You are using pace but you are doing these on some uphill course right. So you are not really using something like a target pace from a race if I understand correctly. Normally when we refer to using Pace as the measure of interval intensity we do this by taking some recent race or time trial effort to establish the current pace you can race at. Then we’d use that race pace to set the interval pace. For building endurance you’d do longer race pace or slightly slower pace (depending on race length). For improving speed we’d use paces faster than race pace for shorter reps (again the lengths and pace depend on target race distance).

    In mountain sports pace goes out the window so we are stuck using HR as proxy for effort.

    I suspect what you mean when you say that you are using pace is that you are using a set distance on this hill and that to maintain the time you set on reps 1-2-3 for reps 4-5 your HR goes higher than it did on those first 3 reps. Is this correct?

    If it is then you are correct the issue is probably more central Cardiac output related that it is local muscular fatigue.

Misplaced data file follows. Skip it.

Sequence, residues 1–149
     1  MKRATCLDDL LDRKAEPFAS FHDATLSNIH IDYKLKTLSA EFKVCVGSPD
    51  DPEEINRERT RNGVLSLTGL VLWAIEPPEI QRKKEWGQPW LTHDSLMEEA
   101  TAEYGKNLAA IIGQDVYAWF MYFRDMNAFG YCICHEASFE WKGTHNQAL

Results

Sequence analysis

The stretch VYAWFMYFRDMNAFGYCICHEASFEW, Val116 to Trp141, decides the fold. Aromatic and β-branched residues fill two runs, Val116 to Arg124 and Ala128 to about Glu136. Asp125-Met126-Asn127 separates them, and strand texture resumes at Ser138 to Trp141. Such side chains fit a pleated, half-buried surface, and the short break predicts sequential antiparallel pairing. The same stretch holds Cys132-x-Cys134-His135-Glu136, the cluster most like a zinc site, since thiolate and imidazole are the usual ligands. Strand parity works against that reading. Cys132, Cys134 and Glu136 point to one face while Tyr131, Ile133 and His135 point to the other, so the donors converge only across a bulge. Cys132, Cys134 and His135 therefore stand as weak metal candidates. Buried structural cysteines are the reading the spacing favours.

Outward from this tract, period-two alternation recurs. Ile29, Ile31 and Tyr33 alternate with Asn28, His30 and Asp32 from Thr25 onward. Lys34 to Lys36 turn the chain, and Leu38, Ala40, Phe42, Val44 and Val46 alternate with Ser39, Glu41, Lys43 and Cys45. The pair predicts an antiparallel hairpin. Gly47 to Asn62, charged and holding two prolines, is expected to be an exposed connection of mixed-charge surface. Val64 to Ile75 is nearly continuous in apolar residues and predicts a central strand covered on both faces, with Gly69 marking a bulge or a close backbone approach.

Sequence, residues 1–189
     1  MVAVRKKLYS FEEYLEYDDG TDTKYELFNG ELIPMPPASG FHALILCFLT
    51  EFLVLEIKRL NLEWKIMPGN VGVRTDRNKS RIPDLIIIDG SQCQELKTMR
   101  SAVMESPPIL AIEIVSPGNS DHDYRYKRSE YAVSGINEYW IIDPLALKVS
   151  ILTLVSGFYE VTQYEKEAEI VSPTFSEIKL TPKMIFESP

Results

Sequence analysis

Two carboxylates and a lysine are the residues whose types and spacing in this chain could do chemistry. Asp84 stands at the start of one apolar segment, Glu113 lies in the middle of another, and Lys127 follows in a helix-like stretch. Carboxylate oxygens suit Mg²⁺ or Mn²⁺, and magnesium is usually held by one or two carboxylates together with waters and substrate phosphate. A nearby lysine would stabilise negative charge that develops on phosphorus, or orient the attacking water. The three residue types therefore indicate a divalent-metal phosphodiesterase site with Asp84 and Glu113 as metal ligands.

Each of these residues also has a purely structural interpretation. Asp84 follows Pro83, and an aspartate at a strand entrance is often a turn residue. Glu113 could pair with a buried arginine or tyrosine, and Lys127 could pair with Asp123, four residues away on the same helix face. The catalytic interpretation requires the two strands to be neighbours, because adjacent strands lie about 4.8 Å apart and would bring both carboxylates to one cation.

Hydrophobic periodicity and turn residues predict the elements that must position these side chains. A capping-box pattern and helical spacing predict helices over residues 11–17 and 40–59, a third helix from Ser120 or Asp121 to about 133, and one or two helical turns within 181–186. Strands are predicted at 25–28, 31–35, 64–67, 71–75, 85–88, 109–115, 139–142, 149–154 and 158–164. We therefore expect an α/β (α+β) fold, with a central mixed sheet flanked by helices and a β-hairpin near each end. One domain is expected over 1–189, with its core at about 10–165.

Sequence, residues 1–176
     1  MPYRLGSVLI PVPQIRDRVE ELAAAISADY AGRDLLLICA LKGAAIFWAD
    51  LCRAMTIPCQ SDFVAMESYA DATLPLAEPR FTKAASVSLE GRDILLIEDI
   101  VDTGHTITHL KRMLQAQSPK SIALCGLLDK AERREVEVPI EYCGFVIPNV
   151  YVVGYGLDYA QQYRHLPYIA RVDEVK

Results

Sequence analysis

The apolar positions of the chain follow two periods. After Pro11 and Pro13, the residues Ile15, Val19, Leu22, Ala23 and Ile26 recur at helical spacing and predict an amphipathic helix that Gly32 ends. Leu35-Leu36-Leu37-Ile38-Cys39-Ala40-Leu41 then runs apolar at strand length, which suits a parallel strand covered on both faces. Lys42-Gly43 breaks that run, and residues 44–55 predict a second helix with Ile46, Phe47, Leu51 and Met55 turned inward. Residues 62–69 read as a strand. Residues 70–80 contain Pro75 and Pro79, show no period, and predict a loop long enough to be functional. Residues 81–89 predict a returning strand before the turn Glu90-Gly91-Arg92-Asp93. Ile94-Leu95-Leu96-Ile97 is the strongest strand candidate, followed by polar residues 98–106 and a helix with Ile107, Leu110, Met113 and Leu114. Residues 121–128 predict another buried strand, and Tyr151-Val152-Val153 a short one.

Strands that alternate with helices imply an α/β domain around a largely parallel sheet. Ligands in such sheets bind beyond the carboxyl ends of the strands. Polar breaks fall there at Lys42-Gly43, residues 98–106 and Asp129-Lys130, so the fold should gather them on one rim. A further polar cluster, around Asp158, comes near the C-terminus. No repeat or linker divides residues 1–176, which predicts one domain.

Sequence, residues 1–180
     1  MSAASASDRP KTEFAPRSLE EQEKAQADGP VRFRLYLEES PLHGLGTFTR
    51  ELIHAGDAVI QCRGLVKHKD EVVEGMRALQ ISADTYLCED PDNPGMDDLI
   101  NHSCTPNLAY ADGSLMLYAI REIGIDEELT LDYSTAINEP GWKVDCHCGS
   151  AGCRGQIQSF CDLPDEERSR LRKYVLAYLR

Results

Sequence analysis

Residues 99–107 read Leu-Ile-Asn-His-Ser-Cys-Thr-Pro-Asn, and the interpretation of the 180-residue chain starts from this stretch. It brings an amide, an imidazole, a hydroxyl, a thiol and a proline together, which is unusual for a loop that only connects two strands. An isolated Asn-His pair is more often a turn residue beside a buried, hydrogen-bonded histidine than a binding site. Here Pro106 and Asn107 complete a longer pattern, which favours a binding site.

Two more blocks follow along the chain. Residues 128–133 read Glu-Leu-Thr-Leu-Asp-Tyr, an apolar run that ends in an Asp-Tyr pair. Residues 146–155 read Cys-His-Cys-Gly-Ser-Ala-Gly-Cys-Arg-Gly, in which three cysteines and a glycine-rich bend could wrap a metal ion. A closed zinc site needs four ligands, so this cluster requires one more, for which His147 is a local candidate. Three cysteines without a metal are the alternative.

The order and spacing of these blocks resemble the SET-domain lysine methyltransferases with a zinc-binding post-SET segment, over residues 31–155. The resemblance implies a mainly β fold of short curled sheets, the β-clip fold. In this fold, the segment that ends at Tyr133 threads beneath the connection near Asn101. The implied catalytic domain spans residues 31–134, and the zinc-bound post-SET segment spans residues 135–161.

I’m not a fan of the Friel zones systems as I understand them. They use arbitrary % of usually Lactate Threshold. That arbitrary parsing of your metabolic response so finely (some of these 7 zones are only a few beats wide) is what is called in engineering “False Precision”. There is no way this precision can be assumed even if one has a careful lab test.

    This is why we use a simpler zone system with the principle anchor points the AeT and the AnT. Do you really think there is meaningful distinction in the metabolic or global training effect between say 176 and 179 bpm HR. Unlikely.

    I would not get overly concerned with the HR increase you are seeing int he later reps.

    The way many top athletes in XC skiing (where pace is irrelevant) use interval training is to go as hard as they can for the prescribed time and number of reps. It turns out that long reps like 10-20 min allow only about Z3 intensity. Medium lengths like 8min will allow Z4 for the well trained, Short reps like 4 min allow Z5 effort. All these are done with a 2 minute rest interval typically.

    Scott

    Participant
    yesisaidyes on #17733

    This makes complete sense – thanks!